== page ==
While isoelectric or ST-elevation in L1 and aVL (κ = 0.580) followed by ST-depression in V1 (κ = 0.523), RV4 inverted T wave (κ = 0.502) and ST-elevation in LII ≥III (κ = 0.449) had maximum correlation, all statistically significant (P = 0.000), ST-depression ≥0.5 mm in V1–V3 (κ = 0.032; P = 0.350) and S/R wave ratio of aVL ≤3 (κ = 0.094; P = 0.256) had least correlation [Table 9].
Table 9: Correlation of electrocardiogram with angiogram in detecting occlusion in left circumflex

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  Discussion Top


In the present cross-sectional study, we successfully determined various ECG criteria for the diagnosis of the infarct-related artery and prediction of the site of occlusion in patients with STEMI and correlated the results with angiographic findings. Further, we have calculated Cohen's kappa (k) along with the estimation of validity, which predicted a fair to substantial agreement between ECG and coronary angiogram for localizing the culprit artery in STEMI patients with reliable correlation.

The incidence of CAD in our study was four times higher in males (78%) than in females (22%). Similar gender distribution was found in the study by Rao et al. (73% males and 27% females) and Bhat et al. (82% males and 18% females).[18],[25] Further, in the Kerala ACS registry, only 25% of patients diagnosed with STEMI were noted to be females.[26] The mean age of patients in our study was 58.46 ± 10 years. Majority of our study population (37%) were in the age range of 51–60 years followed by 31% in the age range of 61–70 years. The INTER-HEART study also reported a similar mean age of 57 years in ACS patients in Southeast Asia and Japan.[27] In another study conducted in North-East India, patients with STEMI had a mean age of 55.8 years.[28]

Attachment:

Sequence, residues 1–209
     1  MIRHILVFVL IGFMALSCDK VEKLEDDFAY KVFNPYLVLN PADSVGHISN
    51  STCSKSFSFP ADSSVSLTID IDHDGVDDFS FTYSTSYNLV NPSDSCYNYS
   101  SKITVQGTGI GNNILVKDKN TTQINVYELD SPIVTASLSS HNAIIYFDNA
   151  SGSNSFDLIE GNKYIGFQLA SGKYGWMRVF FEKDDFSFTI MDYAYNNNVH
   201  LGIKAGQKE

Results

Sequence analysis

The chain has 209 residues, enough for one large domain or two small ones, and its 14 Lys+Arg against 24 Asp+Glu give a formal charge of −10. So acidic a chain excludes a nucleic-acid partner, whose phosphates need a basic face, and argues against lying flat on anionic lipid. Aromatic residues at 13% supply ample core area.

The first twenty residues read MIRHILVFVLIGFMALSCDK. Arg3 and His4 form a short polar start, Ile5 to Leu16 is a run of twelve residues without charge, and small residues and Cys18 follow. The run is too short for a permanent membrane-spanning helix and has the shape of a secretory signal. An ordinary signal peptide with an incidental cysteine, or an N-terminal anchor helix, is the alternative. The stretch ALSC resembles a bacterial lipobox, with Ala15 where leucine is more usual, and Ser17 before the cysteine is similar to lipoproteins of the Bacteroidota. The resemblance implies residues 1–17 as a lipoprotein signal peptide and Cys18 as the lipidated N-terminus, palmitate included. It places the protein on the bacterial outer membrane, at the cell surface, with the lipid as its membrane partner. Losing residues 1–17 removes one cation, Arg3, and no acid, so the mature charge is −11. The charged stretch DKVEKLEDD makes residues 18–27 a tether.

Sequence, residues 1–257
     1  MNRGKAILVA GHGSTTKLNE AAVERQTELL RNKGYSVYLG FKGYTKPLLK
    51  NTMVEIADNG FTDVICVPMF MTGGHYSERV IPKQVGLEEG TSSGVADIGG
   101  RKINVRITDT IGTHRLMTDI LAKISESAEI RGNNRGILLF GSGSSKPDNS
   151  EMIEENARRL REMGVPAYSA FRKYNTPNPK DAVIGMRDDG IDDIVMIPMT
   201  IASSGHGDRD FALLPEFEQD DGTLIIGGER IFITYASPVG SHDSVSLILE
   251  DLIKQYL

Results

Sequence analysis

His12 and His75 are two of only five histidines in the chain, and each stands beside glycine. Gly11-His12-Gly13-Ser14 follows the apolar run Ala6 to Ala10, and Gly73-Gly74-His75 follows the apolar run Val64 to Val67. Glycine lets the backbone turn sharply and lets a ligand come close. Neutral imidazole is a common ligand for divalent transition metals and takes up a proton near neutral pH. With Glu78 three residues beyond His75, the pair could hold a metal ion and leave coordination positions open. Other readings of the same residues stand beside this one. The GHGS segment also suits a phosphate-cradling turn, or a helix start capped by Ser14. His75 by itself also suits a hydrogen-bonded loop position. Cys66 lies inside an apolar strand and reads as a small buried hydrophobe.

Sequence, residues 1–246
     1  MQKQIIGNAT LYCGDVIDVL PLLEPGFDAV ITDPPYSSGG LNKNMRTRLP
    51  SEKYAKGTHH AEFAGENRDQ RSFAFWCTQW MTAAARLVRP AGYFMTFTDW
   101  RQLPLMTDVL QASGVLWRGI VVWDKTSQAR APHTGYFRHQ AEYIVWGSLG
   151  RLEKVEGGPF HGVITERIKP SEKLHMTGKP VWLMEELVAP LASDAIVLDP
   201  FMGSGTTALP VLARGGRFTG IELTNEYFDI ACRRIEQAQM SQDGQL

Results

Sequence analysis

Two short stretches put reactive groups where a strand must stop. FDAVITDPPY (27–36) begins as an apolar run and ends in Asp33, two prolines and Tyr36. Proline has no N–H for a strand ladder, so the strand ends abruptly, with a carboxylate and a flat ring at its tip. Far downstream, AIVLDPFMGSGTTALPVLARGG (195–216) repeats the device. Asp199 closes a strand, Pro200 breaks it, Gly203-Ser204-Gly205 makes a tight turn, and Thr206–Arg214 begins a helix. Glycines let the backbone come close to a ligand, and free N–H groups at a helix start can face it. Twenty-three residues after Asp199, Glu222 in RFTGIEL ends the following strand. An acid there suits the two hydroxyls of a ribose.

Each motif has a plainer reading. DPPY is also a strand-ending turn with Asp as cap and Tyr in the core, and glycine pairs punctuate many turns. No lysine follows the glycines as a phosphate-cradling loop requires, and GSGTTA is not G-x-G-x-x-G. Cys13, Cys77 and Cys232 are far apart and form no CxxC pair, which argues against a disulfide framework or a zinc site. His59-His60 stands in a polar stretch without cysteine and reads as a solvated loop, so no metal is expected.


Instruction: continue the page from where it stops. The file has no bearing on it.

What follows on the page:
Among the risk factors documented in our study, diabetes mellitus was found to be most common, accounting for 45.8% followed by smoking in 39.8%, hypertension in 36.4%, and dyslipidemia in 24.6%. The INTERHEART-South Asia study identified eight coronary risk factors: abnormal lipids, smoking, hypertension, diabetes, abdominal obesity, psychosocial factors, low fruit and vegetable consumption, and lack of physical activity, which accounted for 89% of all acute MI cases in Indians.[5],[27] Similar to our study, diabetes mellitus followed by hypertension and hyperlipidemia were found to be the common risk factors by Kiani et al.[29] In another cross-sectional study in India involving 100 STEMI patients, diabetes (33%), hypertension (40%), and smoking (30%) were noted to be the most common risk factors.[30] The high prevalence of comorbid risk factors in Indian CAD patients could be the rationale for STEMI presentation at a young age. In this context, it may be pertinent to mention that the mean age noted in our study was 5–10 years lower than that noted in the Western population.[31],[32],[33]